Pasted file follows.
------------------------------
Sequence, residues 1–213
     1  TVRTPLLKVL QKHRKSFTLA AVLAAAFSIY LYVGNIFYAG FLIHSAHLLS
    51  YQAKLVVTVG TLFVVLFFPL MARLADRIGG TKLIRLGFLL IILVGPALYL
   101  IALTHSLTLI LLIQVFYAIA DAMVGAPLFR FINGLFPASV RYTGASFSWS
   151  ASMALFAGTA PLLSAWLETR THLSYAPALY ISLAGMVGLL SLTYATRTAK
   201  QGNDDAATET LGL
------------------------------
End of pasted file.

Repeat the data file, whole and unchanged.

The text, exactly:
Sequence, residues 1–213
     1  TVRTPLLKVL QKHRKSFTLA AVLAAAFSIY LYVGNIFYAG FLIHSAHLLS
    51  YQAKLVVTVG TLFVVLFFPL MARLADRIGG TKLIRLGFLL IILVGPALYL
   101  IALTHSLTLI LLIQVFYAIA DAMVGAPLFR FINGLFPASV RYTGASFSWS
   151  ASMALFAGTA PLLSAWLETR THLSYAPALY ISLAGMVGLL SLTYATRTAK
   201  QGNDDAATET LGL